NASA / JPL-Caltech / UCLA
NASA's Wide-field Infrared Survey Explorer captured this picture of the Rho Ophiuchi star-forming cloud.
The latest picture from NASA's Wide-field Infrared Survey Explorer serves up a grab bag of colorful goodies, including a ruby-red reflection nebula, a twinkling of hot pink baby stars and some real old-timers in deep blue.
All those objects are visible in this view of Rho Ophiuchi (also known as Rho Oph or "Row Off"), a star-forming cloud complex that straddles the constellations Scorpio and Ophiuchus 407 light-years from Earth. It's a popular target for astronomers; in fact, another NASA infrared observatory, the Spitzer Space Telescope, focused on the same region three years ago.
The different colors represent different wavelengths in the infrared part of the spectrum. The shades of blue and blue-green stand for light emitted directly from stars (3.4 and 4.6 microns), while green and red are used for wavelengths that are mostly emitted by heated dust (12 and 22 microns).
With that in mind, this is what we're looking at:
- Reflection nebula: The ruby-red splotch at lower right is a star known as Sigma Scorpii, whose light is being reflected by the surrounding dust.
- Emission nebula: The bright area in the center of the picture is an emission nebula, which gloes due to heating from nearby stars.
- Young stellar objects: The bright pink sparks just left of center are actually baby stars. Many of them are still enveloped in a "baby blanket" of dust. They can't be seen in visible light, but the dusty blanket heats up enough to render them detectable in the infrared.
- Star clusters: This picture includes two notable globular clusters of blue stars. One of them, M80, is on the far right image, toward the top. The other, NGC 6144, is toward the center, close to the bottom edge. In today's image advisory, the WISE team says these clusters are much more distant than the cloud, and contain some of the Milky Way's oldest stars.
- Way-out galaxy: The WISE team also says the photo includes a "galaxy far far away," known as PGC 090239. It's the reddish dot at the 3 o'clock position relative to bright emission nebula at the center, about two-thirds of the way from the center to the picture's right edge.
- Optical effects: What's a space picture without some sort of weird optical effect? Two relatively bright lines emerge from the picture's edge at bottom left. These are diffraction spikes caused by the bright star Antares, which is just out of the field of view.
There's more to come from WISE in the weeks and months ahead, even though the spacecraft went into hibernation in February. The $320 million mission's first public data release is scheduled to take place around the middle of this month. Some have speculated that WISE's data could provide evidence for the existence of a large object on the outskirts of the solar system dubbed "Tyche." But NASA says the data from the first release probably won't be enough to confirm (or rule out) Tyche's existence. In any case, WISE's team members are on the watch for what's likely to be asteroid discoveries galore.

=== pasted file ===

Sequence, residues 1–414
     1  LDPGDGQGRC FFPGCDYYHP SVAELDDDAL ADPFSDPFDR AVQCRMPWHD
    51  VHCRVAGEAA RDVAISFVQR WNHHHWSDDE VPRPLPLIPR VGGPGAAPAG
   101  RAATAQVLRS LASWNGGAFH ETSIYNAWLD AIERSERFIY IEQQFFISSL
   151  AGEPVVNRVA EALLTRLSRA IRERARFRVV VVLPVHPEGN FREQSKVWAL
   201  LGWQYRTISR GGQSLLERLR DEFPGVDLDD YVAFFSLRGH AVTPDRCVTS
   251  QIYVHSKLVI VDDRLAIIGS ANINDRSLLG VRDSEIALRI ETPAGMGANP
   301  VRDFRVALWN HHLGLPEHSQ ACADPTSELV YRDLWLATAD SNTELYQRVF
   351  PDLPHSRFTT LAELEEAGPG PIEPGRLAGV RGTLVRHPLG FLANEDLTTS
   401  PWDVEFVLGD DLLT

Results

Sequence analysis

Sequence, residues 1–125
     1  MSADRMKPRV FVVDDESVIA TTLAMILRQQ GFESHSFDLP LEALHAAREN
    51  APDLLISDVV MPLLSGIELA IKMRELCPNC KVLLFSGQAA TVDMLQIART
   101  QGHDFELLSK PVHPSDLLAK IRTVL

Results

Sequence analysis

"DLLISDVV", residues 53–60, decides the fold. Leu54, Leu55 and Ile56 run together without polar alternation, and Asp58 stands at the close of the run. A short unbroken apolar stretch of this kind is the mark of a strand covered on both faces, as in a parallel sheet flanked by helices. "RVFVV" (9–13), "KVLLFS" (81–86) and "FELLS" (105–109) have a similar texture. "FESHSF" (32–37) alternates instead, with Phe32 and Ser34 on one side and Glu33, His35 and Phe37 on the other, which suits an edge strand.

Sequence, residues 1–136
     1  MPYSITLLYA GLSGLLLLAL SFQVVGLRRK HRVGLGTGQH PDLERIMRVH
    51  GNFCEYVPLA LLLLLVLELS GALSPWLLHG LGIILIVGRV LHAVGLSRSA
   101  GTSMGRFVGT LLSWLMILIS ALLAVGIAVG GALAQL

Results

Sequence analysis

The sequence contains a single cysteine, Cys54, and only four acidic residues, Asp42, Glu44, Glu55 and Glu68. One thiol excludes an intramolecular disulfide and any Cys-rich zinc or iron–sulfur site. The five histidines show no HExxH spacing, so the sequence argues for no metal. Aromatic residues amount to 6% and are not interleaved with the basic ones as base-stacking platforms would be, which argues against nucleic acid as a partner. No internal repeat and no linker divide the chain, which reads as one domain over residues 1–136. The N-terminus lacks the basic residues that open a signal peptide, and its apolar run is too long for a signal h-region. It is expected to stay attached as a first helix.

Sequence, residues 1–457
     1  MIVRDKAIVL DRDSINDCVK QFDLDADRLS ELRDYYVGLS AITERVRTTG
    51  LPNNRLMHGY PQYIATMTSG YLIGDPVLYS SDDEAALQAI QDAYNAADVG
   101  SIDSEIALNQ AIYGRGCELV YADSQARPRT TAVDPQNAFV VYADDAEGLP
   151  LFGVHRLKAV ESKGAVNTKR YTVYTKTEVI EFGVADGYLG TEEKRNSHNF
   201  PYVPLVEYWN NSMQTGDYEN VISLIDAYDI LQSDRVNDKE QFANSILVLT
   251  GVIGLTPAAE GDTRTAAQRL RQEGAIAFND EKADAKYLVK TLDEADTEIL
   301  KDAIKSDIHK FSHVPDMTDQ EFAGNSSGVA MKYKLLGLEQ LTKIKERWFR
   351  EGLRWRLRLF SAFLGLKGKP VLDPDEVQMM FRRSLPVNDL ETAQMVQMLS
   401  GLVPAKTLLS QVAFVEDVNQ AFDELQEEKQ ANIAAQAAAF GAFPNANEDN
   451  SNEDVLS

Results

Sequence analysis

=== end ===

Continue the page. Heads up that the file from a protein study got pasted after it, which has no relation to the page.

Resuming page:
Speaking of asteroids, NASA's Dawn mission is closing in on the asteroid Vesta for an encounter in August. NASA's Jet Propulsion Laboratory is already planning for the "Vesta Fiesta," and delving into the question of whether it should be considered an asteroid or a protoplanet. (Why can't it be both? Vesta's big sister, Ceres, is a dwarf planet as well as an asteroid in my book. And when I say "my book," I mean that literally.)
NASA / JPL-Caltech / UCLA / PSI
This stereo view, released March 10, represents scientists' best guess for the shape of the protoplanet Vesta.
To whet the appetite for the Vesta Fiesta, NASA recently released a fresh video clip about the mission, plus this tasty 3-D picture of the protoplanet. Put on your red-blue glasses to see the stereoscopic effect. Don't have glasses? I'm sending more than two dozen sets of specs to folks who registered their request on the Cosmic Log Facebook page. (If you missed out this time, check back at the end of the month for the next giveaway.)
If you're looking for an even bigger smorgasbord, take a look at the cosmic buffet we've spread out in our latest installment of Month in Space Pictures. Click on these links for bigger versions of the pictures and further background:
- Window on the cosmos: Looking in on the space station.
- Before and after the tsunami: More views from DigitalGlobe.
- Cloud from the sun: Learn more about Alan Friedman's pictures.
- Super-moon attacks: NASA focuses on unusually big full moon.
- Cosmic pinwheel: Stunning galaxy sheds light on dark energy.
- Endeavour at the ready: Roberto Gonzalez's shuttle picture.
- Somalia seen from space: Space station's eerie view of desert.
- Weird trails on Mars: As seen by Mars Reconnaissance Orbiter.
- Alaska's bright lights: NASA physicist witnesses aurora.
- Viva la space station! Cuba spotted from orbit.
- Look! Up in the sky! Space station and Discovery over Central Park.
- That's no sunspot ... That's the station and shuttle in front of the sun.
- Winter in China: Cool picture from the space station.
- Mercury rising: Lots more pictures are coming from Messenger.
- Back on Earth: Dmitry Kostyukov's picture of Soyuz landing.
- Spider in space: Hubble Space Telescope focuses on Tarantula Nebula.
- Tribute to Gabby: Astronaut keeps his wounded sister-in-law in mind.
- Dancing with the stars: High-schoolers win with galaxy pairing.
Join the Cosmic Log community by clicking the "like" button on our Facebook page or by following msnbc.com science editor Alan Boyle as b0yle on Twitter. To learn more about my book on Pluto and the search for planets, check out the website for "The Case for Pluto."